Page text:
Part of the reason for the traffic jams is that 50% of the traffic is through traffic. Planners suggested an improved road system outside the city centre. In 1987 the Trondheim city council decided to introduce a local tax in order to finance the expansion of the road system, since insufficient money was available in the national road budget.

The eventual decision was to implement a "toll ring" - 12 toll plazas encircling the city which collect tolls from motorists entering the city between 6:00 and 17:00 on regular working days. No tolls are charged when leaving the city.

Toll rings were established earlier in Oslo and Bergen, but the expenses of collecting toll charges were prohibitive. Trondheim's toll plazas include machines for accepting coin payment and payment using cards with a magnetic strip. However, there are only two attended toll plazas - the other ten are automated. This is Trondheim's claim to fame - the establishment of the world's first toll ring with automated toll collection, using "electronic tags" (transponders).

The use of the electronic tag is strongly encouraged: the tag is available for free, and there is a discount for using the tag. Currently 90% of vehicles entering the city during rush hour use the tag. Payment is arranged by making a deposit on account or by automatic bank account withdrawals. It is estimated that the annual management cost of the Trondheim toll ring would be two and a half to three times larger if all toll collection was done manually.

What is done with the money collected by the toll ring? It is being used to provide 60% of the funding for

  • the expansion of the main road network, in order to divert through traffic from the city centre and residential areas
  • the construction of separate lanes for buses in order to make public transport more attractive and reduce congestion, noise and pollution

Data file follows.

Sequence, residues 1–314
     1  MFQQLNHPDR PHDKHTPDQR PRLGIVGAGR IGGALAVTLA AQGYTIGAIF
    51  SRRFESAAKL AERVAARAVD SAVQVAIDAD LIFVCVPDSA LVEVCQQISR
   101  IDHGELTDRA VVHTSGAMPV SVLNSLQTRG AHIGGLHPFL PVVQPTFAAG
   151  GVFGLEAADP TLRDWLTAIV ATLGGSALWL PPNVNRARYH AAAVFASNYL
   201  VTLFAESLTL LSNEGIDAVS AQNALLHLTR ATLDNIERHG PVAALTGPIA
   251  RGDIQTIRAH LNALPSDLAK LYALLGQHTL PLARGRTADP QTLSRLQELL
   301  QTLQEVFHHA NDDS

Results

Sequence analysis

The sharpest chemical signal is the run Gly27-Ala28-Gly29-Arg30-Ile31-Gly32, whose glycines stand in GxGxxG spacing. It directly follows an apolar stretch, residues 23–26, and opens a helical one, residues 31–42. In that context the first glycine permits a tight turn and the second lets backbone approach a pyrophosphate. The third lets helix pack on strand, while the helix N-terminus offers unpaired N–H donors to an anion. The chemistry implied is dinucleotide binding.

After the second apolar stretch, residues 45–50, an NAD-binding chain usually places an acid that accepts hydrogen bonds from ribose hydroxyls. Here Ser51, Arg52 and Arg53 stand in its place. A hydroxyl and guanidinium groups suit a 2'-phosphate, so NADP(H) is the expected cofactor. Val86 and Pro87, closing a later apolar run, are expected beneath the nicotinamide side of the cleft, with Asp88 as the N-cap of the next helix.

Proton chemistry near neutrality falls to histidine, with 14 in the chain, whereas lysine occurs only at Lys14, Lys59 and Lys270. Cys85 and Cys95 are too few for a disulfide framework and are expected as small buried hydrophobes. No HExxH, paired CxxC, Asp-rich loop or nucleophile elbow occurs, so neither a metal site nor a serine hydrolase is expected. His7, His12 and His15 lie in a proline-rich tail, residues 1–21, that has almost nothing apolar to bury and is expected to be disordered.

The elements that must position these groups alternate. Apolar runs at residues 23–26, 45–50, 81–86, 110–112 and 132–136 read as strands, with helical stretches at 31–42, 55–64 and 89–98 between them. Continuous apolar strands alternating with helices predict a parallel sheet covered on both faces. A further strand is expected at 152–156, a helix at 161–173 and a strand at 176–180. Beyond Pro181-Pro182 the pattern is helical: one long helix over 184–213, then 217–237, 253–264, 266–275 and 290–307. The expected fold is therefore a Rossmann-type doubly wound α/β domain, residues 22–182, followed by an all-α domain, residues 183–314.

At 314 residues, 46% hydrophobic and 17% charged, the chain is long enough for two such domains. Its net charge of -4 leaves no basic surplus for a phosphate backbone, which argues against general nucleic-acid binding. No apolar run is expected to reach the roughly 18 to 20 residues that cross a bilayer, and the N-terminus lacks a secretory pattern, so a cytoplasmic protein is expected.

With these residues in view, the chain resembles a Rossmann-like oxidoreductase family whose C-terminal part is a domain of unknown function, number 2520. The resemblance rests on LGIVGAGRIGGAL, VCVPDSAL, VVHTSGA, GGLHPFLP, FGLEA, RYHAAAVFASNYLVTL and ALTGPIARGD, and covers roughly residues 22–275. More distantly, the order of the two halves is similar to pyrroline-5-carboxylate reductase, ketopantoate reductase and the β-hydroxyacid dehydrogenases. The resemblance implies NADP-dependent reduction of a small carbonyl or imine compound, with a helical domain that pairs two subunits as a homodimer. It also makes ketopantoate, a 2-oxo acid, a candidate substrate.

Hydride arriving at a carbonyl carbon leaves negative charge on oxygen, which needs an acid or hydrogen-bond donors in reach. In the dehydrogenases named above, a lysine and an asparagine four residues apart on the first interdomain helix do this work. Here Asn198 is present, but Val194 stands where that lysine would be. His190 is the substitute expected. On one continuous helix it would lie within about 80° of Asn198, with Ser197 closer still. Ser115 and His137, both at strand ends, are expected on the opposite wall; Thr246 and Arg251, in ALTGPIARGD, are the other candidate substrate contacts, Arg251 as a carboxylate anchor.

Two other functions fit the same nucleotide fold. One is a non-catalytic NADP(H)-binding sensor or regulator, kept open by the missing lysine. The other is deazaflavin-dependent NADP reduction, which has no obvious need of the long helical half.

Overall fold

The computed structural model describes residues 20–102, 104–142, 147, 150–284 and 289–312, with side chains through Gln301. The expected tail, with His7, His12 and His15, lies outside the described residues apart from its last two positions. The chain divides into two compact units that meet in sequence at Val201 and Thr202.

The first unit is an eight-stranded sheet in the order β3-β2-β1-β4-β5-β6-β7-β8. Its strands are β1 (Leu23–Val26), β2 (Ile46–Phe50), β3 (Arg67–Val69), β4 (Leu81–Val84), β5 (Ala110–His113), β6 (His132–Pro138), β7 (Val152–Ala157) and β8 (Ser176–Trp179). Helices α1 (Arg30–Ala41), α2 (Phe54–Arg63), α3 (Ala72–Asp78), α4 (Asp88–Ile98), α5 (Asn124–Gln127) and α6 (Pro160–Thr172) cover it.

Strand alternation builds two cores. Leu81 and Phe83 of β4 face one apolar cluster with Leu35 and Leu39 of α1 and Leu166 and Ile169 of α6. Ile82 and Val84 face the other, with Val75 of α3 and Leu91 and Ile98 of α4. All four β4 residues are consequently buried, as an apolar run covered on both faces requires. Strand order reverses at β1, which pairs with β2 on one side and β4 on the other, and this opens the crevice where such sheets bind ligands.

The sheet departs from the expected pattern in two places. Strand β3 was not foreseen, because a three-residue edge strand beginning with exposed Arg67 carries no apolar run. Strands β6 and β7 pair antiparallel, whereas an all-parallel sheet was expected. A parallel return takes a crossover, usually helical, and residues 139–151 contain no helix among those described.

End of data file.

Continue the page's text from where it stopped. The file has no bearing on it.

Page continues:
• the construction of separate pedestrian and bicycle lanes, starting with the approach roads to the city centre, eventually becoming a comprehensive network of pedestrian and cycle lanes

The brochure from the toll road company ends with the suggestion "One environmental measure which you can put into practice at once: TAKE THE BUS, THE TRAIN OR THE TRAM TO THE CITY CENTRE! Why wait for environmental measures to come?"

Is road pricing in British Columbia's future?

The Trondheim toll ring is made more feasible due to the ring not having to cover an entire "circle" - more than half of the "ring" is shoreline. The Greater Vancouver and Victoria areas are similarly constrained by geography, making a similar approach possible. For example, there are only 9 road bridges which separate the "inner municipalities" (Vancouver, Burnaby, New Westminster, Port Moody, Coquitlam and Port Coquitlam) from the surrounding area. It would seem quite feasible to implement automated tolls on those bridges as a first step to a more equitable road pricing scheme.

Thanks to Gordon Price for providing the sources for this article.

James Strickland